Tanks and excessive force are not the answer [Archives:2005/862/Opinion]

July 25 2005

The events of the last few days have certainly been a clear indication that all is not nice and rosy, as the Government media would like the world to believe. Most certainly, the large-scale and widespread public protests reflect a high degree of discontent that is obviously not centered in one location or social or factional grouping. Furthermore, the handling of the demonstrations by the Government could never be described as being exemplary by any means or language. Too many people, most of whom are probably innocent, were killed wounded or arrested (Exact figures are hard to come by). Surely the Government was not so naive as to expect the latest economic bombshell or “dose” to be implemented, as part of the obviously unsuccessful reforms, which the Government has been fumbling through over the last ten years, to be taken with applause and acclaim. Needless to say, the latest catapulting of prices was viewed as catastrophic by the majority of the Yemeni people, most of whom are subsisting below the poverty line or very close to it, up or down. Yes, the people took to the streets, not so much because they were hit with a stroke of anarchy or desire to disturb the peace. The tens of thousands of citizens that were demonstrating last Wednesday and Thursday (and probably even now) were only trying to tell their government, “Hey you guys, where are you taking us to with these crazy price hikes? We simply can't go any further down the pit, because we have already reached rock bottom”. Why did the demonstrations get “unruly”? There are many postulates that are circulating, including some that suggest the involvement of government agents that are deliberately inciting the demonstrators to switch to “violent mode”. Moreover, because the Government has literally closed all normal channels for public expressions of opinion, which are open to citizens of a supposedly democratic society, one is bound to see public reactions be shown in the loudest and sometimes even most physical of ways.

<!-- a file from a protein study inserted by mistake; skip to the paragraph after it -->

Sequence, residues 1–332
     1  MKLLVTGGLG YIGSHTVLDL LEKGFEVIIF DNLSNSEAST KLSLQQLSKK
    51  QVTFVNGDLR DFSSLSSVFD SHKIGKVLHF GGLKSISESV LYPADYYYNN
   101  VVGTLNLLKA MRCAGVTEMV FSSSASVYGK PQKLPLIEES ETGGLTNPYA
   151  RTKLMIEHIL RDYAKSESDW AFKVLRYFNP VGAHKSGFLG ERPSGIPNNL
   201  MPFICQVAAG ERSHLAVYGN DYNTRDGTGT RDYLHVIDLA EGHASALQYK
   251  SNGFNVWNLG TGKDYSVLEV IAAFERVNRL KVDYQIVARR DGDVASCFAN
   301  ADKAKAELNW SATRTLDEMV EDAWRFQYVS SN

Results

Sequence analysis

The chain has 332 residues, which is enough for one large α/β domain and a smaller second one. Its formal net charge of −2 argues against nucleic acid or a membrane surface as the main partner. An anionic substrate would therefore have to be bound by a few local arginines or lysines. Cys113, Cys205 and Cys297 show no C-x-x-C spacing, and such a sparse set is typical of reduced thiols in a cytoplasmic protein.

The observer is not at all here trying to justify violence or civil disobedience, for surely no sane mind would ever suggest that it is all right to go wild in the streets and destroy property, etc. But then again, what channels could the people have used to make the government realize that this is one dose, which is beyond what they can handle? With one decision, the Government may have added at least a 150% rise in prices (on average) for just about every major essential commodity on an already struggling people trying to survive, let alone make ends meet. If we can buy the argument that the demonstrators overreacted somewhat (notwithstanding their legitimate gripes}, surely the reaction of the government was even more flabbergasting! For the government to send all the military hardware at its disposal to the streets was beyond what anyone has seen in any country, where civil disturbances have arisen. This was not war that we witnessed last week. However, the extreme overreaction of the Government would normally be taken only when the country is threatened by a foreign invasion or an organized attempt to overthrow the Government, neither of which were close to happening. Surely the Government could have considered several more civilized alternatives to dealing with the demonstrations turned disruptions. The first exclusion would be putting the tanks and heavy military gear on the streets. These tanks and other high handed military displays, created the impression that the Government was telling the people, “If you want war, we are ready”. The Yemeni people are not prone to violent disruptions on a massive scale, unless they have become really fed up with Government failure in managing their affairs. Even then, had they found a listening ear, the extent of violence in the demonstrations would have remained significantly subdued. But with overzealous reactions and the random use of firearms on a large scale against mostly unarmed demonstrators, this only fuelled more discontent and is certainly bad public relations for the Government, locally and internationally. No one is sure of the number of casualties, beatings or arrests, but according to various eyewitness accounts here and there, the scale was beyond what the demonstrations deserve in any context.